Love them or hate them, oil and gas companies are essential to the U.S. economy, job creation, energy security, and deficit reduction. The industry supports more than 9 million jobs and adds more than $1 trillion to the U.S. economy each year. If congressional leaders are sincere in their desire to reduce the deficit and help the economy recover, they will carefully weigh the unintended consequences of selectively taxing American energy producers before taking action.
Thomas J. Pyle is the President of the American Energy Alliance
Read more on Newsmax.com: Thomas J. Pyle: Obama-Reid Oil Tax Huge Jobs Killer
The debt-limit debate is heading toward a culmination, with President Obama reduced to pleading for the public to support a tax increase and Speaker John Boehner and Senate Majority Leader Harry Reid releasing competing plans that are the next-to-last realistic options. The question now is whether House Republicans are going to help Mr. Boehner achieve significant progress, or, in the name of the unachievable, hand Mr. Obama a victory.
Mr. Obama recognizes these stakes, threatening yesterday to veto the Boehner plan in a tactical move to block any Democratic support. The White House is afraid that it will pass the House and then become the only debt-ceiling vehicle if Mr. Reid can't get 60 votes for his own proposal in the Senate. This would short-circuit Mr. Obama's plan to blame the GOP for a U.S. credit downgrade, any market turmoil, a possible default, and the lousy economy too.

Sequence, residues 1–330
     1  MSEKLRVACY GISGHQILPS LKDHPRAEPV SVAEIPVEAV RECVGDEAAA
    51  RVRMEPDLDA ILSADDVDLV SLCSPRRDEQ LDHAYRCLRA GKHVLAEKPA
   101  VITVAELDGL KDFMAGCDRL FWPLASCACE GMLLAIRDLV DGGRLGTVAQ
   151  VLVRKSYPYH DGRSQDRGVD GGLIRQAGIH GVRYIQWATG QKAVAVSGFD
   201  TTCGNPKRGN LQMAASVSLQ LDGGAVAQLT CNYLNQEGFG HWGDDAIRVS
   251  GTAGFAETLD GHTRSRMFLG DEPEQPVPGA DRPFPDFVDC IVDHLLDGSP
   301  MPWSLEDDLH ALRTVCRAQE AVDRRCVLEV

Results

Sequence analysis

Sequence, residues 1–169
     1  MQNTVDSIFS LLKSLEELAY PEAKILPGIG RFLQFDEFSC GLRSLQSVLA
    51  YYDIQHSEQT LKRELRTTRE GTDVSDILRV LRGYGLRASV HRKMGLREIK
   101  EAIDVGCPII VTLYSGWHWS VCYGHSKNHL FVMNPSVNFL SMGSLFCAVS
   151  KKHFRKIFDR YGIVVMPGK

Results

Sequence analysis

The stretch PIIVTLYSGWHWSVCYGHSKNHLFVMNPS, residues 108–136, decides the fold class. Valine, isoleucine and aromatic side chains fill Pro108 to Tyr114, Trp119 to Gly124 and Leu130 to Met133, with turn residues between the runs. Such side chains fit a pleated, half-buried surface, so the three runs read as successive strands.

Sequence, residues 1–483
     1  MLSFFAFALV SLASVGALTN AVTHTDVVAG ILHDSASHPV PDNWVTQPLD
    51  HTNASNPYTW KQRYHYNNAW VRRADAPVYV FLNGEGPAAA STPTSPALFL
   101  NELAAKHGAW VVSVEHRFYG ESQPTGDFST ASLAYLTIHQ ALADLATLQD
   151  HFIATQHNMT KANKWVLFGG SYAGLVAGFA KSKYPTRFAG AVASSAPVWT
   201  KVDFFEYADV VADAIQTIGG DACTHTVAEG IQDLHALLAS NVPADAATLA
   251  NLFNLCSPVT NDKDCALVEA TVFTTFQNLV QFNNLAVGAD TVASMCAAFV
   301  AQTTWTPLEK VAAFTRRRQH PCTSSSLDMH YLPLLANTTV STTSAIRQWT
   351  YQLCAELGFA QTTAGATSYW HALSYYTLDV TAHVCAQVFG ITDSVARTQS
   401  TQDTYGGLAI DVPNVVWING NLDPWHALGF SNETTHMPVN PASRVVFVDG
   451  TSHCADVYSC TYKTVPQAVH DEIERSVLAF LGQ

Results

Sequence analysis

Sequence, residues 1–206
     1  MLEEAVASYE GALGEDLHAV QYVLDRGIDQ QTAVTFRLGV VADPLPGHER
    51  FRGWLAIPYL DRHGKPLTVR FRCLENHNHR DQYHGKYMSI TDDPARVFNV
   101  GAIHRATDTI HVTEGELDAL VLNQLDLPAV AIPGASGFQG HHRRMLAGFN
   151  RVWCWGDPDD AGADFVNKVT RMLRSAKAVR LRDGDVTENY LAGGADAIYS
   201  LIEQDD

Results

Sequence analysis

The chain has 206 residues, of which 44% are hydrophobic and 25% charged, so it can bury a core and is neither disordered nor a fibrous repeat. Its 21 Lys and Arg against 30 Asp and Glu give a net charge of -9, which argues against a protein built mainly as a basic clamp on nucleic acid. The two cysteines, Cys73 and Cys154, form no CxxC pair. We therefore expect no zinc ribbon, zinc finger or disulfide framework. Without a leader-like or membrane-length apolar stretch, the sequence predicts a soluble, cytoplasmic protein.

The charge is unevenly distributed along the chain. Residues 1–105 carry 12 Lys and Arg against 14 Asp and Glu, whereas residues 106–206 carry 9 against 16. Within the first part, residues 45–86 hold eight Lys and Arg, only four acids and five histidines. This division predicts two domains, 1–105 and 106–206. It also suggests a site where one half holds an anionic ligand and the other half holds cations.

Under the two-phase Boehner plan, Congress would authorize $1 trillion in new debt in return for $1.2 trillion in budget cuts over the next decade. Most of that will come from caps on domestic discretionary spending over 10 years—the Pentagon and homeland security are exempt—with automatic spending cuts if the caps are breached. While one Congress cannot bind another, the proposal would at least guarantee real reductions in fiscal years 2012 and 2013.
In the second stage, the House and Senate would convene a 12-member joint select committee with a deficit reduction goal of $1.8 trillion by November. The majority and minority of both chambers would each make three assignments, and any plan that secured seven votes or more would get an up-or-down vote in both chambers with no amendments.
The danger for the GOP is that the committee could end up proposing tax increases, since the committee's only remit is the deficit, not the larger fiscal landscape or the size of government. A poorly chosen Republican nominee could defect, and any structural change to entitlements almost certainly can't pass the Senate.
Then again, unless the plan passed, Mr. Obama couldn't request the additional $1.6 trillion debt ceiling increase that he would soon need. The political incentive is for a reasonable package, and many Senate Democrats also don't want to vote for tax increases before 2012.